Standard Is Broken

A truly diverse Pro Tour Top 8 means the format is perfectly reasonable, right? Pro Tour Champion Ari Lax isn’t so sure. He learned a lot about the format in his team’s testing, and he’s convinced we’re seeing the beginning of what will end up being a historically dangerous environment! Read his analysis here!

This was going to be an article about all our awesome Standard brews. I might put it out later because all of them were really cool and actually close to reasonable in the Bant Company plus G/W metagame. But right now I can’t come close to endorsing any of them besides the deck I played.

My first look into Standard was reading about Replenish, Yawgmoth’s Bargain, and all the broken Urza’s Saga decks in a Scrye magazine. In the years since then I’ve played a lot of Standard and have seen some messed-up things occur. I’m not talking about metagame dominance like Cawblade, Jund, or Faeries. I’m talking about things that truly break the game of Magic. I stupidly opted to not play Skullclamp at multiple events because I thought I could beat it. I played FNMs with Sensei’s Divining Top, Counterbalance, Dark Confidant, and Umezawa’s Jitte. I played an Invitational where 15/60 cards in my maindeck are now banned in Modern.

Eldritch Moon Standard will now be a part of this list for the rest of my Magic career. The format is truly unfair, and it’s almost funny to look back a week at the hype over Bant Company. Why would I play that deck when I can just break all of the basic rules of Magic?

What Happened?

There is simply a confluence of traditionally broken effects in Eldritch Moon Standard, and all of them overlap into an interlocking mess of absurdity.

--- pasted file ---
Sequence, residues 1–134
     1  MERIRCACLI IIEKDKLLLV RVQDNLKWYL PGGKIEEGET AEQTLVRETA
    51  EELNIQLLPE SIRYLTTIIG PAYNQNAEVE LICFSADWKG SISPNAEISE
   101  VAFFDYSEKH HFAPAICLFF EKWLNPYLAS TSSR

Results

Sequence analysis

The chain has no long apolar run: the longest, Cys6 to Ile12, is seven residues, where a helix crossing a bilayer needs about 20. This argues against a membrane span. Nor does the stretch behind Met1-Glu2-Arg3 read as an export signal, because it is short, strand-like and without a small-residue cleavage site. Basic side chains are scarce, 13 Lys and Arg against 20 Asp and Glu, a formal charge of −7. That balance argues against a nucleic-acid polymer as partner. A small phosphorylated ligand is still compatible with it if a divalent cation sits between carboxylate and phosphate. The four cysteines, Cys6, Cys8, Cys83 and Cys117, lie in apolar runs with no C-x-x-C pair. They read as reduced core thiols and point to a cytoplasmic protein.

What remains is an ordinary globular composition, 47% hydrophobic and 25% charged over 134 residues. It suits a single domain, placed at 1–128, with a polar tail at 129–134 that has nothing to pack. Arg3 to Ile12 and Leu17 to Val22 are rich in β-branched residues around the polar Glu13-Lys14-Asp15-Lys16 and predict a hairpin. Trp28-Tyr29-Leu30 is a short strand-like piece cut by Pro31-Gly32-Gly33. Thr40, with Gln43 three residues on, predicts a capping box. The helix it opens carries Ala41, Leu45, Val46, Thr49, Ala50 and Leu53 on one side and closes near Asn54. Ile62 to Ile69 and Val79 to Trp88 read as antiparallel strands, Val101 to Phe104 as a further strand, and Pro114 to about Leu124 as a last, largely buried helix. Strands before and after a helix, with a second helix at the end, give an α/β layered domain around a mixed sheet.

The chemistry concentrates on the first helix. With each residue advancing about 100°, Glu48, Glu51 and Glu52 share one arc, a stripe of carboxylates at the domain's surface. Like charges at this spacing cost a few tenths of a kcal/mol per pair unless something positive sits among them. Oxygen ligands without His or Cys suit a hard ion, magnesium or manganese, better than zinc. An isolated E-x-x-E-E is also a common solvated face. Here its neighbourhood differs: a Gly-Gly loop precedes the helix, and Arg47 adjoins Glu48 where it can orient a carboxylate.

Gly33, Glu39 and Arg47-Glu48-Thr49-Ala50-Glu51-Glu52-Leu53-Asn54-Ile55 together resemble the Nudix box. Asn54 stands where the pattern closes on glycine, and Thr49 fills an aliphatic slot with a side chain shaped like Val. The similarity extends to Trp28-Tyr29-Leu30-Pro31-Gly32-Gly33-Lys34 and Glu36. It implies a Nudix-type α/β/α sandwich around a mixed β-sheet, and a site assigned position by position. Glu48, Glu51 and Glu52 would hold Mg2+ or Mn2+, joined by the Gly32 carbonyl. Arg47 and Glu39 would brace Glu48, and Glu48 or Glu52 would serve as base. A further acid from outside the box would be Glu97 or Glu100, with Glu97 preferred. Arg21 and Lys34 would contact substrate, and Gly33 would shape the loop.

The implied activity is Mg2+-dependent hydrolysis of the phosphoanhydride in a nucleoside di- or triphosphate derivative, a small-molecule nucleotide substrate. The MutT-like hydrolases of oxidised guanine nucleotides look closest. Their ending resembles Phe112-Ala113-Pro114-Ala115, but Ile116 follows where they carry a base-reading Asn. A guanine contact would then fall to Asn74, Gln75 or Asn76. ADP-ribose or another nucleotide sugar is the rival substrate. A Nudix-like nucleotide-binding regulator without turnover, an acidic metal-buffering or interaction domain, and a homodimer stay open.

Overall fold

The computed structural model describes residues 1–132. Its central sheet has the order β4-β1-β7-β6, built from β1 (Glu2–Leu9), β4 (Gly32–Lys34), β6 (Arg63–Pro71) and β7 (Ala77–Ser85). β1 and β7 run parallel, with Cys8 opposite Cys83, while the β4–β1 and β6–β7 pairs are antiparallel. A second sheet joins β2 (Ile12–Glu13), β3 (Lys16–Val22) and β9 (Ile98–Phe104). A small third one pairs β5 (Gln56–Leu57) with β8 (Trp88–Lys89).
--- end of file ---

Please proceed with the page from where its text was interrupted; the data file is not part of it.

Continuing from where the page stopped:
The big new issue is cost reduction, which is almost universally broken. Affinity and delve are great examples of this. Emerge is closer to echo as you have to invest something up front, but the effects you get are very strong for how early you get them. Similarly Emrakul, the Promised End has a high threshold to pass but is really, really powerful for the reduced cost.

This alone wouldn’t be broken. You are doing a decent amount of work to get your payoff, which isn’t that big.

Another issue is graveyard action that is free or reduced-cost. Stitchwing Skaab and Prized Amalgam have been making waves in older formats with the dredge mechanic, so they are clearly strong enough for Standard. Kozilek’s Return is also a very powerful effect that asks for a very specific thing and as a result has previously been homeless.

This alone wouldn’t be broken, but the interaction it has with the cost reduction is scary. Suddenly your seven-mana creature for Kozilek’s Return isn’t being cast on turn 7 but instead on turn 4 or 5 with the simple requirement of having a creature. When that creature is Haunted Dead, it costs three mana and your preemptive creature costs two and sometimes brings 3/3 Prized Amalgam friends.

The next layer of the issue looks pretty innocuous at first. We’ve had this style of self-mill effect for a long time in Standard and it hasn’t really produced anything broken. Sure, Satyr Wayfinder did a lot of work, and the trio of it, Grisly Salvage, and Commune with the Gods made a Nighthowler aggro deck that was decent, but nothing truly insane ever came of it until now.

Secretly, these cards have been a longstanding example of something that causes issues: cantrips with upside. None of them cost one mana, which is historically the requirement for brokenness, but we have entered a world where they produce much more than one mana of upside. Milling four random cards besides your creature with Gather the Pack is a quarter of a Kozilek’s Return found on top of your Impulse– or Anticipate-level card selection.